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City Hall: Coming to consensus on all-inclusive playgrounds, council summit and potholes
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City Hall: Coming to consensus on all-inclusive playgrounds, council summit and potholes

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Accessible playground, 08.21

Beckett Olson, 6, plays on the playground with his father, Cameron, at Antelope Park in August. The Olsons are working to get an all-inclusive playground for Beckett and other children with a variety of special needs.

Local government reporter

Margaret Reist is a recovering education reporter now writing about local and county government and the people who live in the city where she was born and raised.

The lack of adaptive play equipment — including pieces sized for adult users — and not having areas fenced in are the biggest barriers city parks pose for families who have children with disabilities.

Swings, slides, climbing equipment and sensory play — sound panels or musical instruments — are the biggest “must-have” items for those families, according to a survey of nearly 650 people.

Lincoln Parks and Recreation officials recently conducted the survey to help a committee of parents, advocates and city officials as it plans how best to create more inclusive play areas for children.

Cathy Martinez, president of the Autism Family Network, and BriAnna Olson, a mom whose 6-year-old son has autism, convinced Lincoln City Councilman James Michael Bowers to add $100,000 to the city budget for adaptive play equipment.

Initially, parks and recreation officials were considering putting one piece of adaptive play equipment at a city park in each quadrant of the city. Martinez and Olson argued for one all-inclusive playground — like the spaces they’ve seen other Nebraska cities build.

The city’s only playground with adaptive play equipment is in Antelope Park, but it’s outdated and needs to be upgraded. Martinez is among those who would like to see a new one built in the northeast part of town.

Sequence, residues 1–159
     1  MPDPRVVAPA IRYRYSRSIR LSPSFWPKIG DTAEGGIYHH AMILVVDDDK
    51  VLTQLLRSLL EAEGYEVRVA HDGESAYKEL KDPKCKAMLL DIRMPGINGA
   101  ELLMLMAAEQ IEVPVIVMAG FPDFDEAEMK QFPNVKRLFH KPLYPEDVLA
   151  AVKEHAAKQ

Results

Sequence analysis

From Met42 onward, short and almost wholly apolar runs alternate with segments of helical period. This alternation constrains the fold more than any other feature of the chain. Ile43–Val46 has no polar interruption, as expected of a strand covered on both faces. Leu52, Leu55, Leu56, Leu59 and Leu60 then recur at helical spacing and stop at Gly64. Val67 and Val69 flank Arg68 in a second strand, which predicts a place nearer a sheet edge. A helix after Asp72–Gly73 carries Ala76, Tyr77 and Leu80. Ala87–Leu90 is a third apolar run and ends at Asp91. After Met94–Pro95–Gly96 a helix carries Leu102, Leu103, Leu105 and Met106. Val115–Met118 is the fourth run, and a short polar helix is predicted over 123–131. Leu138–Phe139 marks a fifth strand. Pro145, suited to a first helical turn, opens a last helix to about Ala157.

One of the survey questions was how important it was for families to have inclusive and adaptive play areas just a short drive from their homes, and while nearly 60% said it would be nice, just 21% said it was a must-have priority.

“That question ranked lower in the tier of priorities,” said Parks and Recreation Director Lynn Johnson. “There continues to be a lot of interest in a single, large facility.”

But there are also people who want smaller, quieter spots more conducive to their family members, he said.

Given that, parks officials are likely to recommend a single, large inclusive playground at Antelope Park, as well as having four additional playgrounds in each quadrant of the city that have inclusive and adaptive play equipment.

Several survey respondents mentioned that their children get negative reactions from other children playing in playgrounds, an argument for a large, central park where anyone who came there would understand that it is an inclusive space, Martinez said.

Mahoney Park — where Martinez said she would like to see the main park, in part because northeast Lincoln schools have the largest concentration of special-education students — is still on the list, Johnson said. Nothing is set in stone, he said, but staff feels like the long history of Antelope Park as an inclusive playground and its central location make it a good choice.

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Antelope, Densmore, Holmes, Mahoney, Peter Pan, Seng and Tierra parks are those that all have the necessary attributes to make them best fits for a large, inclusive park.

One of the big complaints of families was that Antelope Park was near busy arterial streets and was too big, making it hard to keep track of kids, especially children on the autism spectrum, who sometimes wander off.